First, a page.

This is a guest blog post by Hydaway ambassador Zelphia Peterson. Follow her on Instagram @z_claire29.
It seems like the latest millennial buzzword is “sustainability.” The term is popping up everywhere, from the fashion industry to a ban on Starbucks straws. But what does it mean to be truly sustainable? And why should we care?
I think everyone can agree that we’d like to have a clean and healthy planet, free from graphic images of floating trash islands and turtles wrapped in plastic waste. Those of us who think about it feel a sense of responsibility – both out of stewardship for the earth we’ve inherited and for the earth, we will pass on to our children. There’s the element of sheer necessity and the desire to avoid an apocalyptic end by plastic.
In this blog, I will be addressing how being sustainable helps you and the planet.
Those reasons above are valid for a more sustainable lifestyle and preservation of our planet. However, there’s one more facet to this conversation that can sometimes be overlooked. In my education experience, the connection between a healthy environment and healthy people wasn’t made abundantly clear.
I majored in public health as an undergrad student, and then went on to earn a master’s degree in international public health. At every level, we took classes that focused on the ways that the environment and human health interconnect. However, these important connections aren’t really discussed widely enough or often enough.
There are two main avenues that the health of the planet impacts the health of populations.
The first is through climate shift. Most of you who hear the phrase “climate shift” probably immediately translate that into the more widespread phrase “global warming.” However, the definition of global warming isn’t always adequate because it fails to take into account anything other than rising temperatures. Yes, temperatures are generally rising and that is concerning, but some places are growing colder or experiencing atypical levels of precipitation. This might not seem like a big deal for human health until you start taking a look at the consequences of climate shifting.
Climate shift can lead to changes in crop output or crop shortages, especially in regions that are dependant on agriculture. If these changes last long enough or are severe enough, it could lead to famine and malnutrition. In such cases, the first to suffer tend to be the very young, the very old, and the disenfranchised.
Climate shift (and by extension, more extreme weather patterns) also have a side effect of natural disasters. Things like lasting droughts, hurricanes, abnormally long winters, and extensive flooding. These are just a few examples of climate-induced disasters. While the natural disaster itself can cause massive damage and loss of life, it’s really what happens afterward that is truly devastating.
Especially for large-scale natural disasters, the human impact can often be measured in things like :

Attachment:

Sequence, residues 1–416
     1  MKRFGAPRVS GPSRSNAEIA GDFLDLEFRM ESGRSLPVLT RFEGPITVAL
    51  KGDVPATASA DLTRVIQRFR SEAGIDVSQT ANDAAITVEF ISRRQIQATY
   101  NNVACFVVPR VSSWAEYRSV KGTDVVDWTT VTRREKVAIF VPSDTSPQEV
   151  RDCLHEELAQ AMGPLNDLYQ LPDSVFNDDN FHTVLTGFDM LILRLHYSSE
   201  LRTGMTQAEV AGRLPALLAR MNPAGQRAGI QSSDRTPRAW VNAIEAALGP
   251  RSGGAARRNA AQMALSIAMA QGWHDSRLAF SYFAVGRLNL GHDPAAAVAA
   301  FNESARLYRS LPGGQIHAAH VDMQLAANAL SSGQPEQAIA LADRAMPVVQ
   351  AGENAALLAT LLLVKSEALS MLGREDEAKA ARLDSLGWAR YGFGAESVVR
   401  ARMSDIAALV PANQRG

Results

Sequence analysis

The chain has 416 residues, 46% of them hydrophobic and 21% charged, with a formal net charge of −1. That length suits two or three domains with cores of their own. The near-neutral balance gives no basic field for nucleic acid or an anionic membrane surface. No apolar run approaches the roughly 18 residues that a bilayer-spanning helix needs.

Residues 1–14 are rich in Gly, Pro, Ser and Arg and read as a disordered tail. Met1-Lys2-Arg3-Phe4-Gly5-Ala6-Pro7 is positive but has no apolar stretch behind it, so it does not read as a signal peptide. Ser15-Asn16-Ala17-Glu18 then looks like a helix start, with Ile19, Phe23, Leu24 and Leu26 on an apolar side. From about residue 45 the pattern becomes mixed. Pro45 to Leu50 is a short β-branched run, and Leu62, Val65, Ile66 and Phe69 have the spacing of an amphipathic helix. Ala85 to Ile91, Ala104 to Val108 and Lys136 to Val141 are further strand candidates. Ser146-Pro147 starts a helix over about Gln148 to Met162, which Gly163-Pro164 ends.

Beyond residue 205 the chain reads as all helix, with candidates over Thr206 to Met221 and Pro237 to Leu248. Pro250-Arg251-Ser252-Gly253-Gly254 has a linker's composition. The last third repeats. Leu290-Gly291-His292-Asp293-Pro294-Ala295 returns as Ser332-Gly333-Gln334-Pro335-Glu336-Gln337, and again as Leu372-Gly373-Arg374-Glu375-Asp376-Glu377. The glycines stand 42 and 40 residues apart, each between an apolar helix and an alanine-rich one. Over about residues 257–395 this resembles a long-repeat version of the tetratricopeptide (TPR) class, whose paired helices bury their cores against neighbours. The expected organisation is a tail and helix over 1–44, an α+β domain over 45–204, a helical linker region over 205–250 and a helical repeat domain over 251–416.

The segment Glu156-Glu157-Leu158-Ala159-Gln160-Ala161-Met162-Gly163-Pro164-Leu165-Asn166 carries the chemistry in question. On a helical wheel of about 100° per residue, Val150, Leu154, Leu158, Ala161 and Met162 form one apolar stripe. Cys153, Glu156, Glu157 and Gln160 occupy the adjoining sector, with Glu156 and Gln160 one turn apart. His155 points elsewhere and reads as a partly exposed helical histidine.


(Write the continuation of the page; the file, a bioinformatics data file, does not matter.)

- limited access to drinking water or contaminated drinking water
- loss of access to medical treatment,
- loss of safe housing and protection from the elements
- unreliable or contaminated sources of food
Individually, all of those “side effects” have the potential to be devastating. Put all together, they place affected populations at an exponentially increased risk for disease, disability, and loss of life.
The second way that environmental health influences human health is through pollution. This is becoming a more noticeable problem in urban areas, where the output from cars, machinery, and large buildings is heavily concentrated. This pollution can take the form of air, water, or soil pollution.
- Air pollution (like smog) can lead to breathing problems or exacerbate existing conditions like asthma.
- Water pollution (such as what happened in Flint, MI) can render drinking and cleaning water unsafe, which affects large portions of the local population for long chunks of time.
- Soil pollution (like what happens after a pipeline burst or hazardous material is leaked) can damage crops, render food unsafe to eat, or at the worst act as a slow poison to those living in the immediate vicinity.
This type of contamination can be particularly difficult to detect, and so often leads to more illness or death than any other kind of pollution.
At the risk of sounding over-dramatic, these problems have an enormous and often deadly impact on human health. We don’t often see what happens to a population after a natural disaster or after the effects of pollution have been discovered because the news cameras have vanished. However, the consequences these incidents have on human health linger, sometimes for generations. We must recognize the impact it’s had on the people who live there.
When it comes down to it, if we want to be health-conscious, we need to be earth-conscious.
Taking care of our planet is taking care of ourselves. We are in a symbiotic relationship with the environment – when it flourishes, so do we. Neglecting to take care of our natural resources isn’t just harmful to the planet in the long run, it, directly and indirectly, harms the health of everyone living on it. So I challenge you: find ways to reduce, reuse, and recycle. Little actions by lots of people add up to big changes. Together, we have the ability to improve the health of our planet and by extension, ourselves.
Join us here at Hydaway and pledge to no plastics. Every small step matters and our world needs you.
For more ways, you can help with sustainability check out the sustainable section here.